Family of Woman Locked in Arby’s Freezer Files Wrongful Death Lawsuit
A family has filed a wrongful death lawsuit against Arby’s parent company, Turbo Restaurant LLC, and the franchise owners of the New Iberia Arby’s restaurant after their loved one passed away while locked in the restaurant's commercial walk-in freezer.
Sixzty-three-year-old Nguyet Le was assigned to work as a temporary manager for the New Iberia, Louisiana, location for six weeks. Le originally worked at a different Arby’s location in Houston, Texas. On May 11, authorities say she was locked in the walk-in freezer after she showed up for her shift. At least nine hours later, Le was found frozen to death in the freezer, which was set to reach temperatures of at least -10 degrees.
Employees who would later arrive at the location shared that they could not get into the restaurant and did not get a response from Le after they called her phone multiple times.
According to reports, when upper management noticed that the location had not conducted any sales, they contacted Le's son who also worked at the New Iberia location to check on the facility. Her son was allegedly the only other employee who had a key to the restaurant and was able to get in. When he searched the restaurant, he found his mother’s frozen body in the fetal position face down on the freezer floor. According to the police captain, her death “seems like an accident,” but according to the family’s lawyer Paul Skrabanek, the coroner is continuing to investigate the exact cause of her death.
According to reports, Le tried to cry out for help after she was locked in. The lawsuit explains, "The investigating officer relayed that inside of the door of the freezer had been bloodied leading him to conclude Ms. Le panicked once locked inside and beat her hands bloody trying to escape or get someone's attention."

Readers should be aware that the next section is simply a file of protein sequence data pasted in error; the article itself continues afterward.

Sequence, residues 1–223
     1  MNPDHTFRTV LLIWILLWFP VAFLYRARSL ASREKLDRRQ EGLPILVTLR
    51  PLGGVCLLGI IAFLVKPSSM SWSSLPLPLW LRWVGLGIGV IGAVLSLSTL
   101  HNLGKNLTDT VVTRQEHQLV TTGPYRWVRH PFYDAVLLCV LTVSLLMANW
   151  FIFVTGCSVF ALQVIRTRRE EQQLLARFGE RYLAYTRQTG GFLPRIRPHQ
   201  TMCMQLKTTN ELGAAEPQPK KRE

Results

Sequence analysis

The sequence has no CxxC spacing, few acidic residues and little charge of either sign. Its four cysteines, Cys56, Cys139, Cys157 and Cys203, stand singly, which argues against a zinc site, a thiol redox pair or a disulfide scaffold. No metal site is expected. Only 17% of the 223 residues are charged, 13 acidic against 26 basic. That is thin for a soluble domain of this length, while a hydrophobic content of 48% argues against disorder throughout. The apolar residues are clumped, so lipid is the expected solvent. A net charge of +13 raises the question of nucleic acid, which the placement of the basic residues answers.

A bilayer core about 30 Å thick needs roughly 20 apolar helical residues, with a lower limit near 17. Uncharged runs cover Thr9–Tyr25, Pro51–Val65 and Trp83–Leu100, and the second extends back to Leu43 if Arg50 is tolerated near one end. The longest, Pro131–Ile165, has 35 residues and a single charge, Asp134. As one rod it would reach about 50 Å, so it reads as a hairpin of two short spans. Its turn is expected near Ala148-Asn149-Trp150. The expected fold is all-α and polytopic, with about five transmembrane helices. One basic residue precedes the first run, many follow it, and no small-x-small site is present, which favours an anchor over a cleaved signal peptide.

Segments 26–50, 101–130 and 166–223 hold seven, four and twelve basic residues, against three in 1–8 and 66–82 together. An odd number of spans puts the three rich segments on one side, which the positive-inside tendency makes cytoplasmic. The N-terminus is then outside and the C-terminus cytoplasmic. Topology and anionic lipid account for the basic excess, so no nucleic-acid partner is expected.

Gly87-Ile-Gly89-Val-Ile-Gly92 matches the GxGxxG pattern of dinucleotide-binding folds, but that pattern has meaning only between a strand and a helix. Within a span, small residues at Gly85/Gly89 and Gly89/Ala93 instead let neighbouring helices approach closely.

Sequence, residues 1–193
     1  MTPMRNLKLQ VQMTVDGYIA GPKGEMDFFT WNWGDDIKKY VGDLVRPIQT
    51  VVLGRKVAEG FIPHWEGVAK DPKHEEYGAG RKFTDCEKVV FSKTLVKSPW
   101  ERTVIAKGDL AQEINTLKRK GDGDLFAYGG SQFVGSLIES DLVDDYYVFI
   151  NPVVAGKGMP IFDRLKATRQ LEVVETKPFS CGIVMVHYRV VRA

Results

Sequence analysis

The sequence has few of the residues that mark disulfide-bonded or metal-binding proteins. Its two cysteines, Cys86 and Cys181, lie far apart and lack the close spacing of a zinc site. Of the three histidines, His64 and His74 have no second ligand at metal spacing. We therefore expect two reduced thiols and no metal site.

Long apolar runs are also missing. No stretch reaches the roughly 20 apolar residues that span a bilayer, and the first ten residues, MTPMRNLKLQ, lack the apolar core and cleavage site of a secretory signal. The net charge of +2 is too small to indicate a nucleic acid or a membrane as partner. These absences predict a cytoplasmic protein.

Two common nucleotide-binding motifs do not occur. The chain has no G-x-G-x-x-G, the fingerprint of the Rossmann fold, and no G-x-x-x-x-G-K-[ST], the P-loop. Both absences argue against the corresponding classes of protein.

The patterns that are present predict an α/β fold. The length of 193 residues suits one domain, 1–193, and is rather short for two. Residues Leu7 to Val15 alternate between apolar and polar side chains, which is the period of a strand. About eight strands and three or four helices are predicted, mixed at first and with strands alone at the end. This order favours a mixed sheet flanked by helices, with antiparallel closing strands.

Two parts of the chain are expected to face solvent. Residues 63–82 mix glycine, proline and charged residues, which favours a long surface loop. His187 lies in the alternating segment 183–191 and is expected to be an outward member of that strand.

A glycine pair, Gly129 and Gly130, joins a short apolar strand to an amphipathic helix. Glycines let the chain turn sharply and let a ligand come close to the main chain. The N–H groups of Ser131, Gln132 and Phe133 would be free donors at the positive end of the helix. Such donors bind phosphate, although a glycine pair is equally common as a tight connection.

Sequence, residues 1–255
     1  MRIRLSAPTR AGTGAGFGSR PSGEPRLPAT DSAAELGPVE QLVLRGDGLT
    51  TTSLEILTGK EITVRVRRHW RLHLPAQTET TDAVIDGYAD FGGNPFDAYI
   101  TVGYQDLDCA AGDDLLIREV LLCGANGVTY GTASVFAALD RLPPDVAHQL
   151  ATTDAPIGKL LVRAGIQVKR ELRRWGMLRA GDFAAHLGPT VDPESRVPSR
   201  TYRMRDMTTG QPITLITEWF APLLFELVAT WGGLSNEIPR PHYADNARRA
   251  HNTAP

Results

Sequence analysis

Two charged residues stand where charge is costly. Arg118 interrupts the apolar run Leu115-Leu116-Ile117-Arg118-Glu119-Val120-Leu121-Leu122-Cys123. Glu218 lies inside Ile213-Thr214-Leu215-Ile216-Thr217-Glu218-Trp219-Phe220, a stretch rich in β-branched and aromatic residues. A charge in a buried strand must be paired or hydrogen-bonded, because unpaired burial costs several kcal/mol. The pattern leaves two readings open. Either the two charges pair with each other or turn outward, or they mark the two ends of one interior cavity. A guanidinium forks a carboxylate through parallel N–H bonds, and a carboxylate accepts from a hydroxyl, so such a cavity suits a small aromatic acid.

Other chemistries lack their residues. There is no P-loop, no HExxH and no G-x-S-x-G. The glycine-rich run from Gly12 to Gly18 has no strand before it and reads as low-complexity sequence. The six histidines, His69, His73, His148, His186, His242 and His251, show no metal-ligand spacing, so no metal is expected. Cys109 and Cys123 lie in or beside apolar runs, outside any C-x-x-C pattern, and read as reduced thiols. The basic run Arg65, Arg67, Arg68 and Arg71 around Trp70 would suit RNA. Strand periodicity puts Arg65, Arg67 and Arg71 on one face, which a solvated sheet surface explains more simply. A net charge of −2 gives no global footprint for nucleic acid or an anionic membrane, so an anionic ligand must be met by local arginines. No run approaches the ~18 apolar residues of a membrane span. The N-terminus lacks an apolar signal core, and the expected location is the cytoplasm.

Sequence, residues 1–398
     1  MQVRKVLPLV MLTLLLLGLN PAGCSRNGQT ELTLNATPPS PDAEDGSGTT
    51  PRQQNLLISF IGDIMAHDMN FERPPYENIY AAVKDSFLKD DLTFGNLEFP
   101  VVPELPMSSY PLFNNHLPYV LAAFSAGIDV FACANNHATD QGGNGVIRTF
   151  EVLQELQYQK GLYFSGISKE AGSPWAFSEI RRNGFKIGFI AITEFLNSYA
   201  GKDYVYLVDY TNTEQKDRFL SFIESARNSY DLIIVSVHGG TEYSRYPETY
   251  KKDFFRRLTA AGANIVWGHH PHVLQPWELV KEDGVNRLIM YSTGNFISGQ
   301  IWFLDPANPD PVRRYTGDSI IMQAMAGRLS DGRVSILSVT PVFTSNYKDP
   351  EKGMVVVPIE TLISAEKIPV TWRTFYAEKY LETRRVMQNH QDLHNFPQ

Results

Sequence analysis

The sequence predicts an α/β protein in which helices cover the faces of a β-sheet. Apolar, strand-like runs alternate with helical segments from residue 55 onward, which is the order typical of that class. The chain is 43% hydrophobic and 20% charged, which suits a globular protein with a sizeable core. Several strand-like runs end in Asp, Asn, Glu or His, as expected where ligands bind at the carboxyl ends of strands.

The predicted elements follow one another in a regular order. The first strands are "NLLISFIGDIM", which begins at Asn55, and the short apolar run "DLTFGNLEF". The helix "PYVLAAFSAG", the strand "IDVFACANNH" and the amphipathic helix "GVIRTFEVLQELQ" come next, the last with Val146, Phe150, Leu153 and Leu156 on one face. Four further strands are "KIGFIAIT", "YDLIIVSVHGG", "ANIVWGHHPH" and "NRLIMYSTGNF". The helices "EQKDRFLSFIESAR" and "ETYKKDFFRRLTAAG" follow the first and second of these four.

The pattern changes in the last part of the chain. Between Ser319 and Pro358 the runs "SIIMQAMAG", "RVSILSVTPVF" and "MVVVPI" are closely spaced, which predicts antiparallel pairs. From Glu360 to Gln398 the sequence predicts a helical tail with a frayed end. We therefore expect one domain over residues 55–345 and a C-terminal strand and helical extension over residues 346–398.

The lawsuit goes on to detail that Le’s death could have been prevented had the restaurant's parent company and the franchise owners maintained the restaurant freezer properly. The lawsuit alleges that since at least August 2022, the walk-in freezer was broken and was being held propped open by a screwdriver and a box of oil by shift employees.
The complaint goes on to say that employees voiced their concerns and that notices were taken to the regional manager but no action was taken. When the regional manager visited the facility in August 2022, he was made aware of the freezer’s malfunctioning closure system but that still no action was taken.
Le also allegedly alerted upper management via a written notice that the freezer’s closure system was not functioning as it should and that it needed to be fixed.
The lawsuit accuses the defendants of negligence and gross negligence for “Failing to cause to have the freezer at the subject location repaired; Failing to properly supervise its franchise location; Failing to provide proper training regarding the franchise location; Having knowledge of the broken freezer at the subject location but failing to take any action to remedy that problem; and other acts deemed negligent and grossly negligent.”
The family’s lawyer adds that the well-known dangers of industrial freezers are entirely preventable with proper upkeep, something that was not done in his client’s case.
Although not common, industrial freezer injuries pose a real danger in industries where they are frequently used by employees. OSHA recommendations detail that individuals who enter these heavy-duty industrial freezers wear warm clothes and non-slip shoes. Additionally, businesses should equip walk-in freezers with non-slip surfaces and have policies in place that require employees to check freezers frequently to make sure that nobody is trapped inside.
The family is seeking damages of up to $1 million including damages for loss of consortium, past and future mental anguish, conscious pain and suffering, and other damages.